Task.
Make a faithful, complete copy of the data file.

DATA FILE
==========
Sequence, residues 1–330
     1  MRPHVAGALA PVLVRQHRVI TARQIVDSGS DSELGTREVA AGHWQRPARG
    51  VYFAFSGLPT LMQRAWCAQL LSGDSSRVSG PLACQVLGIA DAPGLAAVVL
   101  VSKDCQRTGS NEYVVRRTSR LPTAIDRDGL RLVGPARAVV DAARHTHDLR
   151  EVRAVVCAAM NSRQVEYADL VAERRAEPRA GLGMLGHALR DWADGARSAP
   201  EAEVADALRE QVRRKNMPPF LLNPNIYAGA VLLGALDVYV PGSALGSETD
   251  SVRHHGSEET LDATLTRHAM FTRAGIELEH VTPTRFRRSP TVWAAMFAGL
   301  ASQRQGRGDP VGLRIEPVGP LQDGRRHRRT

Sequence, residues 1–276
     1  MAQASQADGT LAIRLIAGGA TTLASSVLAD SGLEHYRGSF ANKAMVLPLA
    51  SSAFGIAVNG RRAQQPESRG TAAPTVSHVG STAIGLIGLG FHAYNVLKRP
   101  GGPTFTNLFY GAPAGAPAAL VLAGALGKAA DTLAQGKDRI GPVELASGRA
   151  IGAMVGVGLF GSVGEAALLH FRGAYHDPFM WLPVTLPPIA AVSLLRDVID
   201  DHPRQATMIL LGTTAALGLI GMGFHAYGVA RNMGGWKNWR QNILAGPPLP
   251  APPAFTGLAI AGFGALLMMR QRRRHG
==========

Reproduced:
Sequence, residues 1–330
     1  MRPHVAGALA PVLVRQHRVI TARQIVDSGS DSELGTREVA AGHWQRPARG
    51  VYFAFSGLPT LMQRAWCAQL LSGDSSRVSG PLACQVLGIA DAPGLAAVVL
   101  VSKDCQRTGS NEYVVRRTSR LPTAIDRDGL RLVGPARAVV DAARHTHDLR
   151  EVRAVVCAAM NSRQVEYADL VAERRAEPRA GLGMLGHALR DWADGARSAP
   201  EAEVADALRE QVRRKNMPPF LLNPNIYAGA VLLGALDVYV PGSALGSETD
   251  SVRHHGSEET LDATLTRHAM FTRAGIELEH VTPTRFRRSP TVWAAMFAGL
   301  ASQRQGRGDP VGLRIEPVGP LQDGRRHRRT

Sequence, residues 1–276
     1  MAQASQADGT LAIRLIAGGA TTLASSVLAD SGLEHYRGSF ANKAMVLPLA
    51  SSAFGIAVNG RRAQQPESRG TAAPTVSHVG STAIGLIGLG FHAYNVLKRP
   101  GGPTFTNLFY GAPAGAPAAL VLAGALGKAA DTLAQGKDRI GPVELASGRA
   151  IGAMVGVGLF GSVGEAALLH FRGAYHDPFM WLPVTLPPIA AVSLLRDVID
   201  DHPRQATMIL LGTTAALGLI GMGFHAYGVA RNMGGWKNWR QNILAGPPLP
   251  APPAFTGLAI AGFGALLMMR QRRRHG